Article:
Digital twin (DT) models of processes are a path to efficient drug production as long as industry has the right data capture and analysis tools, according to a new study in which author Krist Gernaey, PhD, professor, and colleagues at the Technical University of Denmark looked at how in-process data can be used to create digital models of production processes.
The key to successful use of a digital twin is to establish a feedback system where information from the model is used to optimize the process, notes Gernaey.
“The main benefit of a digital twin is the fact that it should allow you to create value from data collected on the process, especially the on-line data,” he says. “We make a difference between a digital shadow and a DT. A digital shadow of a process receives data from the process and generates new data through calculations made with these data, but there is no feedback to the process.
“In a DT, one collects data, one uses these data for example to make predictions about the future state of a process, and then one also makes on-line adjustments to the process based on these predictions. So, potentially, the DT concept should lead to a more optimal, more efficient, improved production process by making better use of the data that are routinely collected on the process.”
Building a twin
Building a digital twin can be a daunting prospect for a biopharmaceutical company that lacks an established IT infrastructure, according to Gernaey.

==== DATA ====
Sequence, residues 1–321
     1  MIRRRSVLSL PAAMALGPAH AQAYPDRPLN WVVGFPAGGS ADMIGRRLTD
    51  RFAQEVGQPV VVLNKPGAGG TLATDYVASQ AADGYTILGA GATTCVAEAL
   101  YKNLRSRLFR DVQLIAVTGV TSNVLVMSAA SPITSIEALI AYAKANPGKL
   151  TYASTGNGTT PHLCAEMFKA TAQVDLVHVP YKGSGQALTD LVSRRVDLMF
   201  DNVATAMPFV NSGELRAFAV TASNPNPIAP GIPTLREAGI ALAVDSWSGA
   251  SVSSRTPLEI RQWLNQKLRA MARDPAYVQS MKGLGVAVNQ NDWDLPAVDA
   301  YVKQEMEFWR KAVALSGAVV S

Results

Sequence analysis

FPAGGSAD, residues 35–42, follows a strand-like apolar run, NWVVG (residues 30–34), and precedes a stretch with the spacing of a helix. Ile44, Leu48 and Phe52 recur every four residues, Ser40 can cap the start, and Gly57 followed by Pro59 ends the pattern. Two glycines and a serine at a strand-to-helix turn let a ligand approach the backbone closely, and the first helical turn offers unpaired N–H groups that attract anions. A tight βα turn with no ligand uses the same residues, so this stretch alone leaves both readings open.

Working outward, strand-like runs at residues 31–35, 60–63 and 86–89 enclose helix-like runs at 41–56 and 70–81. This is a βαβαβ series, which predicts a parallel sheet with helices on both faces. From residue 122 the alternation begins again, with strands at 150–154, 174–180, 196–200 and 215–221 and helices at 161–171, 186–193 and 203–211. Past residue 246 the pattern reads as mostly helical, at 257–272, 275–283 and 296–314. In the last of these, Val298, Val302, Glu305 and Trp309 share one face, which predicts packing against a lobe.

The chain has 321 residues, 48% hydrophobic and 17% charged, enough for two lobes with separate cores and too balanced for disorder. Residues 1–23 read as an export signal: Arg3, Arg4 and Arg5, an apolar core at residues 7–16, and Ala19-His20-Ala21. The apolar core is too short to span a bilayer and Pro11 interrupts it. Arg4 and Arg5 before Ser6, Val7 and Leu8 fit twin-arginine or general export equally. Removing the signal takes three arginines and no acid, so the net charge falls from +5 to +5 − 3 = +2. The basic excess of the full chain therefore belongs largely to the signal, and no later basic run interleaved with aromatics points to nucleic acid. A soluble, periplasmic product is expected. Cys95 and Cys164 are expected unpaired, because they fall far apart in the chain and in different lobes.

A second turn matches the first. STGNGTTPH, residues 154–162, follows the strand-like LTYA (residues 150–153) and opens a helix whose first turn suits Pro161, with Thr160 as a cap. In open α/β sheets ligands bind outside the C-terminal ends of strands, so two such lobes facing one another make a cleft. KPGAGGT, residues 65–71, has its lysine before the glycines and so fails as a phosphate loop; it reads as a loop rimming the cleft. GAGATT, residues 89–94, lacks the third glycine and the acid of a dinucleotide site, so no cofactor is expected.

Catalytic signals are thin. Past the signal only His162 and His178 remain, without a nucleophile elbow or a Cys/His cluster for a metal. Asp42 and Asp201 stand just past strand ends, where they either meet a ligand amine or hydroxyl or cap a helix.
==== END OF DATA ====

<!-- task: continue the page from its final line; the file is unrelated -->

“To me the main challenges are that you need to put infrastructure in place for real-time handling of data—implementation of AI tools, creation of a data lake, cloud, Internet of Things technology—and then take a critical look at available measurement equipment and potentially invest in additional measurements,” he explains. “Furthermore, one needs to have staff that can support implementation of the digital twin.”
Fortunately, researchers have established common steps that can guide companies through the process, continues Gernaey.
“The first step is mapping of data currently collected on a process, before defining a realistic target for the DT,” he says, adding “the next stage is the installation of additional measurement equipment depending on whether the model is mechanistic, data-driven, or a hybrid of both.
“Following implementation and validation of the model, it is important to use new process data to ensure that predictions of the DT are realistic and are in line with measurements on off-line samples that are analyzed during such a validation phase.”
It is also a good idea to start small, advises Gernaey.
“One can develop a DT for a single unit operation or for a whole process,” he tells GEN. “Of course, complexity of a twin applied to a single unit operation is usually much lower compared to one covering a whole process. I would suggest starting at the unit operation level, to build experience and gain trust in the concept.”
There other advantages of starting small and implementing a digital twin in a stepwise manner, Gernaey says, citing maintenance as an example.
“Once data are available in the cloud, preventive maintenance will focus on detecting abnormal patterns in data, which could potentially indicate the malfunctioning of a piece of equipment,” he points out.
“When that is detected, maintenance can be scheduled, instead of experiencing an unexpected breakdown of equipment. Preventive maintenance does not necessarily qualify as a full-fledged digital twin, but it is one first step on the way to gaining experience with such concepts.”